Review: Mister Romance by Leisa Rayven (Masters of Love #1)

Note: This ARC was provided by the author via Nina Bocci PR in exchange for an honest review.

“How do you not know by now that I love you more than I thought I could love anyone? It’s sad and pathetic and wrong how much I love you, and most days I’m so desperate to see you and touch you, I want to punch myself in the face.”

Whoa my God. I am so revoltingly in love with Leisa Rayven's writing! I've been a fan from the moment I met Cassie Taylor and Ethan Holt in her debut smash hit, Bad Romeo, which was the series starter of Starcrossed, back in 2014. With Mister Romance, she not only starts off her new series, Masters of Love, with a kiss and a bang, she's reiterated why so many fans and readers have added her to their list of go-to authors. Her latest fictional endeavor is every bit the romantic comedic masterpiece I was both expecting and hoping it would be, but she also managed to surpass those hopes and expectations by keeping it cliffhanger-free (yay!) and making me all giddy and swoony.

Eden Tate needs something more substantial to perk up her flagging career as an investigative journalist. When her sister mentions a man who fulfills his female clients' romantic fantasies, Eden scoffs that such a man exists, what more that he would make money off of such an absurd thing. But what is about this so-called Mister Romance that's given him nearly mythical status among his clientele? She intends to find out, but getting answers prove to be elusive, especially since Maxwell Riley isn't exactly gushing with information, personal or otherwise. But Eden's all in, even if it means agreeing to three dates with Max--three dates that he believes will have her falling for him...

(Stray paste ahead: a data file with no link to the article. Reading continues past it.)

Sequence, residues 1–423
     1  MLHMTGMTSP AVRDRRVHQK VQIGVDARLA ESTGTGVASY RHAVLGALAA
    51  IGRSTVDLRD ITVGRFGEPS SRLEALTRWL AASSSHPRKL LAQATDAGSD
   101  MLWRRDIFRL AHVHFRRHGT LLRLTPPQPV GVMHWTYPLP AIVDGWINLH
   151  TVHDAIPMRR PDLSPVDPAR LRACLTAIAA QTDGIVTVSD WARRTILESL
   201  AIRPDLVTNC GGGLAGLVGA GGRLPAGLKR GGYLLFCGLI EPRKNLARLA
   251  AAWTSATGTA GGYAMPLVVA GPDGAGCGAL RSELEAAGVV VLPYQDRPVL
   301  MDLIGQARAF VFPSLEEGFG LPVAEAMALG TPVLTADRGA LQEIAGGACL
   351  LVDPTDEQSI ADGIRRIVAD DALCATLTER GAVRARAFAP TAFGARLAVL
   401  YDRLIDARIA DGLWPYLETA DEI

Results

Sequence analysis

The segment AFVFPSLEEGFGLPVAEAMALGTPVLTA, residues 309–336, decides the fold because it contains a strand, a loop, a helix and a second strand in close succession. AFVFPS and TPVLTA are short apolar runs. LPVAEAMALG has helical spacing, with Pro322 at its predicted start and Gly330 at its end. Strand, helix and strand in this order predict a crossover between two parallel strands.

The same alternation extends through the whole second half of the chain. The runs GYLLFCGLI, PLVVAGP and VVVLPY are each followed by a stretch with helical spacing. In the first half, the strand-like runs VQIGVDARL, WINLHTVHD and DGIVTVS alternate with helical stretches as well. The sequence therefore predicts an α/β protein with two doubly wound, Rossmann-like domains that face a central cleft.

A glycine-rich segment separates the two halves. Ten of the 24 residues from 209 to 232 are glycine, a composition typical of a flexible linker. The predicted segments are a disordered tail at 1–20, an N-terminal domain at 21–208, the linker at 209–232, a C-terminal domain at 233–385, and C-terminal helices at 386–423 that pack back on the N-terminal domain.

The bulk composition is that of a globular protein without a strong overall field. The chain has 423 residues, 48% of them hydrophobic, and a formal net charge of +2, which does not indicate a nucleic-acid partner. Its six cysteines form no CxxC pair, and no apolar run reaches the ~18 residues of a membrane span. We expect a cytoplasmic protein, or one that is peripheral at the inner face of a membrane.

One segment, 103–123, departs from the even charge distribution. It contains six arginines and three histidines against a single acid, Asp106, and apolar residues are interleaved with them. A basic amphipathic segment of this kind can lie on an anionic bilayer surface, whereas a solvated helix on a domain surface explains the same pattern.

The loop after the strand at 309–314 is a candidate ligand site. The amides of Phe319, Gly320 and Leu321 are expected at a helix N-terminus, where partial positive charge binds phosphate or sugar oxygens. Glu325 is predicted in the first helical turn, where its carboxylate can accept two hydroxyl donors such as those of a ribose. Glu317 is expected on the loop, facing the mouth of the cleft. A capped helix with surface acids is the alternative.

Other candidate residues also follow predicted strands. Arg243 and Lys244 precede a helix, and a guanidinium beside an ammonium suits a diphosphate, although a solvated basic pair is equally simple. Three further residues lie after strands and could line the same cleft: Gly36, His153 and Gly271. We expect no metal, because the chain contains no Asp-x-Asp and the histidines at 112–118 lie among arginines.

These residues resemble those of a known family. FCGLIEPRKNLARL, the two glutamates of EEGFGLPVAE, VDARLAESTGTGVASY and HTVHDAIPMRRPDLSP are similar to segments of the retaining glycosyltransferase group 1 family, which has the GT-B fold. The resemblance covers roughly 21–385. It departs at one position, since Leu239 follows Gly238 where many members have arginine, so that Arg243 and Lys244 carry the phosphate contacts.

I'm sorry, but Ethan's been knocked down a spot on my list of ultimate book boyfriends and replaced by Max. Goodness, the man was so damn swoon-worthy, I would have lost consciousness from all that heart and heat had an old-fashioned fainting couch been at my disposal. Max's mantras about kissing being more meaningful than sex and how romance isn't a mere precursor to sex made me wish he were real so scientists could harvest his close to perfect (especially because he knows his faults and makes amends) DNA and make clones of him, maybe with variations, just so we have choices. Can you tell how much time I've spent considering this? Um, yeah. Moving on...

Eden was a no-nonsense kinda gal, but you could easily see how much she loved her younger sister Asha and how devoted they both were to their grandmother, Nannabeth, and the memory of their late mother. She also didn't believe in love, calling romantics as part of the "Love Cult". She gave Max a run for his money, but don't think that Max just rolled over for her. Nope, these two had a lot of back and forth and boy, was it good. Not only was it entertaining as hell, but it also gave you something to think about, especially since the stuff Max was saying wasn't the sort that a lot of male main characters I've come across are too willing to share with their female counterparts.

Mister Romance was such a freakingly adorable and hilarious yet touching story and Eden and Max were just...le sigh. Moby was a quacker of a bonus. Their tale of wariness and mistrust that evolved--begrudgingly so--into love and all the make-my-insides-feel-all-squishy-and-fluttery emotions that come with it was a refreshing change from the norm, aka a lot of the stuff that I've been reading over the past years of my life (and if you knew how old I was, you'd know that's a butt-load of books). Leisa Rayven has me perfectly sated with this rarity of a romantic comedy gem, and I shudder to think of how incomplete lives would be it's missed out on. This is a five-plus-starred favorite. ♥

Release Date: 30 April 2017

Date Read: 30 April 2017

Learn more about Leisa Rayven.

Purchase Mister Romance on Amazon | B&N | iBooks | Kobo.


Popular posts from this blog

Book Spotlight: Cherry Pie by Samantha Kane

Review: The Wrong Kind of Angel by Ruby Moone

Review: Underneath the Sycamore Tree by B. Celeste